Nontract Of Carriage
Airline Contracts Of Carriage Fail To Protect Passengers

December 16, 2015 



Being an airline means never having to say you’re sorry. 

As some of you know, when you buy a ticket on an airline,
you’re really agreeing to a contract with that airline called the
Contract of Carriage. Also known in legal terms as a ‘contract
invitation’, or ‘take it or leave it’.

And without some
regulation otherwise, the airlines can pretty much say or do whatever
they want in these contracts.

They’ve recently gone beyond the normal
things, and now getting into redefining terms like Acts of God. A term
which previously meant bad weather, or war or something similar.

Now,
some airlines have reclassified their contracts to say Acts of God
includes shortages of maintenance equipment or crew, which were
considered their responsibility previously. 

The
other thing FlyersRights is watching in these contracts is that they
don’t inform passengers of some very basic rights they have – for
instance, compensation for delays.

Most people
don’t realize that since 2003 you’ve had the right to get compensation
for delays on International flights or International trips as outlined
in the Montreal Convention and the EU.

Even if the delay occurs
in the US and that amount runs up to $2600. But you will never know
that from reading these contracts or even from going on the DOT website.
We are asking the FAA to require that some basic consumer information
be included in these contracts.

Before 1978, US
airlines suffering delays or flight cancellations were obligated to
offer transportation on a competitor’s next flight if it would get the
passenger to their destination quicker. Airlines were even required to
put economy-class passengers in first class seats, if those were the
only seats available.

This rule, called Rule 240, was ordered by the now-closed Civil Aeronautics Board and was incorporated in all airlines’ contracts of carriage. The only omision was for the term, ‘Act of God’, which was given to each airline to define. It was unclear which god an airline would say was at fault for failure to have enough maintenance staff, (Loki or Coyote, both known to be trickster gods.)

Are
you traveling overseas this holiday season? Very few people are taking
advantage of flight delay compensation as outlined by the Montreal
Convention and the EU.

The treaty provides for up to $2,600 for flight
delays on international trips.  In fact, FlyersRights calculates that
it’s well over a billion dollars in lost compensations by people who
didn’t know their rights.

The treaty also provides that it’s on a
modified no fault basis. So the burden of proof is on the airlines to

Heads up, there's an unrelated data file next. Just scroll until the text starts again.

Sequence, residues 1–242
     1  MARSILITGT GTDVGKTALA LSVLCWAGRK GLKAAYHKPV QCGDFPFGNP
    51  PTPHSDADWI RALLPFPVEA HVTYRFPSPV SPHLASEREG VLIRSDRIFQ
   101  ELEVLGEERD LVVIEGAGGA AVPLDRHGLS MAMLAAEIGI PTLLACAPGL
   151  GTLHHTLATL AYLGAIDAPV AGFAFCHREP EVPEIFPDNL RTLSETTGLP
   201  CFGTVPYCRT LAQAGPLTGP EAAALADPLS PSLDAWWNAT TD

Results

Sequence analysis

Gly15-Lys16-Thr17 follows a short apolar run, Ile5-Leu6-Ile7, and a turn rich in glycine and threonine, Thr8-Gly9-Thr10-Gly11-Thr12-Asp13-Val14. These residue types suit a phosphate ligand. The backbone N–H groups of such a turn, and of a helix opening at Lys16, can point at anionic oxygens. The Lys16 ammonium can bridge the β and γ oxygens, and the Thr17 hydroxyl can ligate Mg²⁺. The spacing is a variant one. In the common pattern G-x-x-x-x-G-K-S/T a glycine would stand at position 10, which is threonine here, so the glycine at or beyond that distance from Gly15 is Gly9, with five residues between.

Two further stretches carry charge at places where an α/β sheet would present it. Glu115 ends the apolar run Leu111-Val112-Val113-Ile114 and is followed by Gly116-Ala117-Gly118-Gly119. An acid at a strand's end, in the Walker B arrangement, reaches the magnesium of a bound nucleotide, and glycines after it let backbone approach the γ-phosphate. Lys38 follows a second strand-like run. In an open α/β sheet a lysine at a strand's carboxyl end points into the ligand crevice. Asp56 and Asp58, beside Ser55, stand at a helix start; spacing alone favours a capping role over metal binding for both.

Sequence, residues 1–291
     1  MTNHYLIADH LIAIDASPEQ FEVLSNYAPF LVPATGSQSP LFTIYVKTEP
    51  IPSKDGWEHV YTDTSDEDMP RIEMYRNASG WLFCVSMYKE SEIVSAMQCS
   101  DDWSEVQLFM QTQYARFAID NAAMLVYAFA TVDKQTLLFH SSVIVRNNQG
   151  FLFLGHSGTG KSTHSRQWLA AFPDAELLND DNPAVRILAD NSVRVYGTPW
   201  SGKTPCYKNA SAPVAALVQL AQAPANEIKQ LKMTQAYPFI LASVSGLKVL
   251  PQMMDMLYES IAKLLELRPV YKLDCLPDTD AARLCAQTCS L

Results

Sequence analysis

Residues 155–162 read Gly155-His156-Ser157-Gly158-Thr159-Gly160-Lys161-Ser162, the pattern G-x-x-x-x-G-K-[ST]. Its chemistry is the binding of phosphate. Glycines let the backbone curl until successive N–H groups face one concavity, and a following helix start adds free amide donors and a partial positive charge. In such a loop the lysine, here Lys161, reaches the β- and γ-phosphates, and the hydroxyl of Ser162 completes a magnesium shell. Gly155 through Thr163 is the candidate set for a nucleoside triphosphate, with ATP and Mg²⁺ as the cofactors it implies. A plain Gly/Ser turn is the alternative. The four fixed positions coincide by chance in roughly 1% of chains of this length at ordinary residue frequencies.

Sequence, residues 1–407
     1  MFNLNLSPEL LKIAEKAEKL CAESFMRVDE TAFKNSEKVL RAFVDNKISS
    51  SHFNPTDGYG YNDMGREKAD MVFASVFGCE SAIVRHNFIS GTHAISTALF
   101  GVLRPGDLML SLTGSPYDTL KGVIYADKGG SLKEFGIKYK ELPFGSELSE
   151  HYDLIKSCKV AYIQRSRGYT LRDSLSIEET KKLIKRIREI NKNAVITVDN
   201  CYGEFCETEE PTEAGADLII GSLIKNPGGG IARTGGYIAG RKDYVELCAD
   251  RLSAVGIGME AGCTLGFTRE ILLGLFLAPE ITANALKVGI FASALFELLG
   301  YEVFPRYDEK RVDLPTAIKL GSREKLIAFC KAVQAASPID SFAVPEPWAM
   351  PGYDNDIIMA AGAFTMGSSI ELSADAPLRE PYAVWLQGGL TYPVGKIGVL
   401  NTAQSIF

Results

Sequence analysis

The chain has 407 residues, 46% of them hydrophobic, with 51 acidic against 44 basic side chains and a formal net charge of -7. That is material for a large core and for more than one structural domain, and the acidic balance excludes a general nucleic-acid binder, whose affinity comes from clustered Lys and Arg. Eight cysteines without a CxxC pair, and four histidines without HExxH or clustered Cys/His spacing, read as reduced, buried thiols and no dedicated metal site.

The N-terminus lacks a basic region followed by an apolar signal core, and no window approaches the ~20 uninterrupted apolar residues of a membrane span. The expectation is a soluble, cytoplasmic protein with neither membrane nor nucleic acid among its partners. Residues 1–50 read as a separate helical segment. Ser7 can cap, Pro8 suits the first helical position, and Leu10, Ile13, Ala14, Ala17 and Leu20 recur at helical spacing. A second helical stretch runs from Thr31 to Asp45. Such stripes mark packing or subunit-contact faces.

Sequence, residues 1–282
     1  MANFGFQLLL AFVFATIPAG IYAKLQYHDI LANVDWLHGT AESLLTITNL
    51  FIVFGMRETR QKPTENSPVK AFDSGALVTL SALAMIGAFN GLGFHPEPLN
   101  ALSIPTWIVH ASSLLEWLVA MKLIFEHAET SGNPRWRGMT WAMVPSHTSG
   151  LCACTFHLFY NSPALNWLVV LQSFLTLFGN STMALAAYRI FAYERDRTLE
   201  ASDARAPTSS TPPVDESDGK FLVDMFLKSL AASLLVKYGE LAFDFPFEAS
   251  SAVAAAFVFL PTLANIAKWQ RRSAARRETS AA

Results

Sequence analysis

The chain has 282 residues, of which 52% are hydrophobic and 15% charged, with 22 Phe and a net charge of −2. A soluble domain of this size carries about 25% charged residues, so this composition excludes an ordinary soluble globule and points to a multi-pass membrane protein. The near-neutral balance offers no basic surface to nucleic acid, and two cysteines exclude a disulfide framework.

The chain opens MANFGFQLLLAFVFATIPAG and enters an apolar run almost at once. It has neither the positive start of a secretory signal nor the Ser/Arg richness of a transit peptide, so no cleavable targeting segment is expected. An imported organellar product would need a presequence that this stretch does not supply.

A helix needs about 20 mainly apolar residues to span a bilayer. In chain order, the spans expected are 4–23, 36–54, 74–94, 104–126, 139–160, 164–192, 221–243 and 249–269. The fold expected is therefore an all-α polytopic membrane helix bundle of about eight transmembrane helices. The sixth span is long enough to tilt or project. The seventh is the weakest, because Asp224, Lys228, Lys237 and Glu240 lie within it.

prove that they took all reasonable steps to avoid the delay.

Also, there are delay compensation rights if you’re flying to or within Europe. Again, the airlines will not tell you about this and neither will the Department of Transportation.
 

Business travel writer Joe Brancatelli is
right when he says that being an airline means never having to give you
the seat for which you paid. It means never having to fly on time. It
means not having to get you home if it strands you halfway around the
world. Being an airline means never even having to fly you to the city
that appears on the ticket you purchased. Actually, being an airline
means never having to fly aircraft – which pretty much means you’re not
even an airline.


Welcome to the new Titanic

In previous columns we’ve called the cheapest seats on the plane ‘Last Class‘ instead of coach because passengers are made to feel like a third or fourth class citizens from the moment they book until they flee the airport. 
However, a better term may be “no class” or “classless” – and also keep a lookout for “pet class”, where customers travel in cargo with the animals. Pet food included!

An incident that changed history
was back in 2010 when six passengers on a Russian airline Tatarstan
Airlines were forced to stand in the aisles for their entire flight
after the wrong airplane – one with too few seats- showed up at the
airport. The flight was between Antalya, Turkey and Ekaterinburg,
Russia. It was meant to be on a 148-seat Boeing 737. Instead a 142-seat
737 showed up at the gate.

Passengers were given a choice: wait
seven hours for the next plane or spend the whole flight standing up. It
was a five-hour flight, and apparently did not breach any Russian
safety regulations. When the plane hit turbulence, the standing
passengers sat on the floor. This incident led to Ryanair and China’s
Spring Airline to consider vertical seating.

Suddenly, bundling yourself into a cardboard box and getting shipped via UPS doesn’t look so bad.

Read more about FlyersRights’ proposed Passenger Bill of Rights re. contract of carriage.

***
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Send your comments to the newsletter editor: kendallc@FlyersRights.org, or @KendallFlyers

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